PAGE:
Parental perceptions of children’s weight
Interventions to prevent obesity should begin early in life, and parents play a key role in shaping early eating habits and establishing patterns of regular physical activity in children’s lives. For parents to engage actively in efforts to prevent obesity, they must first be aware that their children are becoming overweight, and concerned about the potential consequences.

EarlyBird studied parental perceptions of their own and their child’s weight at age 7 (Jeffery et al, 2005). The parents completed a written questionnaire asking them, first, ‘which statement best describes (a) your own, (b) your child’s weight?’ Possible answers on a five-point scale ranged from ‘very underweight’ to ‘very overweight’. They were then asked whether they ever worried about their own or their child’s weight, with possible answers ranging from ‘very worried about underweight’ to ‘very worried about overweight’. Following completion of the questionnaire, both parents and children were weighed and measured and their BMI was calculated.

Overweight and obesity were defined as BMI >25 kg/m2 and >30 kg/m2, respectively, in adults (World Health Organization, 1998), and BMI >91st and >98th age- and gender-specific centiles, respectively, in children (Cole et al, 1995). We found that 51.6 % of mothers, 71.7 % of fathers and 20.4% of the children at age 7 (16.6% of boys and 25.0% of girls) were overweight or obese.

The following points summarise the findings from this study.

  • Forty per cent of overweight parents both underestimated and were unconcerned about their own weight.
  • Only a quarter of parents recognised and were concerned about overweight in their child (Figure 4).
  • Parents were less likely to identify overweight in their sons than in their daughters.
  • None of parental weight status, socio-economic status and level of education had any effect on the parents’ awareness of their child’s weight status.
  • There was no difference in prevalence of overweight and obesity by social class in parent or child.

There was a clear divergence between lay and clinical definitions of overweight in the EarlyBird families, with the majority of the parents unaware that the child was overweight. Parents, understandably, appeared to be judging their child’s size in relation to contemporary children, and not according to UK norms, which have been ‘pegged’ at 1990 values and do not reflect the rapid increase in BMI seen in today’s children.

These findings appear to confirm the growing acceptance of a higher BMI in society, despite the fact that the metabolic risks remain the same. Ways of facilitating parental awareness need to be explored, and should include regular weighing and measuring of all children, plotting these measurements on growth charts and explaining these to parents. The perceived risk that raising awareness of overweight could lead to depression, anxiety and eating disorders has to be put in context: the prevalence of bulimia nervosa among young females in the US is 1%, and of anorexia nervosa is 0.3% (Hoek and van Hoeken, 2003); both prevalences are negligible among boys; and the prevalences are hardly comparable to the prevalence of obesity.

Methodological issues
Attrition is a major threat to longitudinal cohort studies, but to date it has been minimal. After the first 4 years, EarlyBird retains 90 % of the original children and can claim compliance of more than 85% for all tests. The low attrition rate has been achieved by a small team of research nurses in close contact with the families. Every effort is made for the children to attend with friends, and appointments are flexible. A telephone call the day before has been particularly successful in reducing missed appointments.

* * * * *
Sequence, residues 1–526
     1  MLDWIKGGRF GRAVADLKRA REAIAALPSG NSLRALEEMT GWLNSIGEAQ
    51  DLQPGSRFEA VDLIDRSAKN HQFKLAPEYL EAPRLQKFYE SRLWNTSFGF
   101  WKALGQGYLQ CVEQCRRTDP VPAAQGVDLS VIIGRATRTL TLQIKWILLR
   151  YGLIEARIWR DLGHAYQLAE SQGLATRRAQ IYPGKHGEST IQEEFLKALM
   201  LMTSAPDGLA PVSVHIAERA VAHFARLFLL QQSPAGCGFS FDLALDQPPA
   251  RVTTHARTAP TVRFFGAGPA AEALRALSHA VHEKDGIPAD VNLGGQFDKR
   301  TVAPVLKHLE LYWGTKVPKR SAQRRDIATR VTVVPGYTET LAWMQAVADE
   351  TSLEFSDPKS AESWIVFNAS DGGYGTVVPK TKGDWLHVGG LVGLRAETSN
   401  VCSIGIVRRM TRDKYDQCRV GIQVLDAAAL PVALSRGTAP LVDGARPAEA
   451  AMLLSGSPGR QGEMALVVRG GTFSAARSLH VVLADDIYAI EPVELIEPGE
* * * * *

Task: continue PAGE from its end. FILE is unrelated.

Transport and expenses are provided to enable families to get to the hospital. Toys, videos and computer games are provided, along with refreshments for the parents. The children are fasting but are given breakfast when the tests are completed. Social events such as the Christmas party and Summer Fun Day are very popular. The children are able to collect EarlyBird T-shirts, baseball caps, badges and stationery, as well as stickers, stamps and certificates, and these help them to feel valued members of the study. As they grow older, their changing needs and expectations will have to be anticipated and met.

The EarlyBird cohort is 98% Caucasian, with five children of mixed race. This is representative of the local population, but it limits generalisability to populations with a greater ethnic mix. All socio-economic groups, however, are represented in equal proportions.

Prospective cohort studies are the most powerful in epidemiology, and the EarlyBird study addresses a cause of morbidity and mortality that is of major concern to the health of the nation. There is still much to be learned about the development of obesity and insulin resistance in children, and there is fundamental value in understanding the mechanisms responsible.

Clarification of the relationships between adiposity, visceral fat mass, physical activity and insulin resistance is the first step in formulating educational strategies for the prevention of diabetes and its associated metabolic disturbances. Data from this study are potentially, therefore, of major value to health education.

For more information please visit:

I would like to thank the other members of the EarlyBird team, in particular, Professor Terry Wilkin and Brad Metcalf, for their support, and also the EarlyBird children and their families. EarlyBird is supported by: Diabetes UK, Smith’s Charity, Roche Products, The Child Growth Foundation, Eli Lilly, London Law Trust and The EarlyBird Diabetes Trust.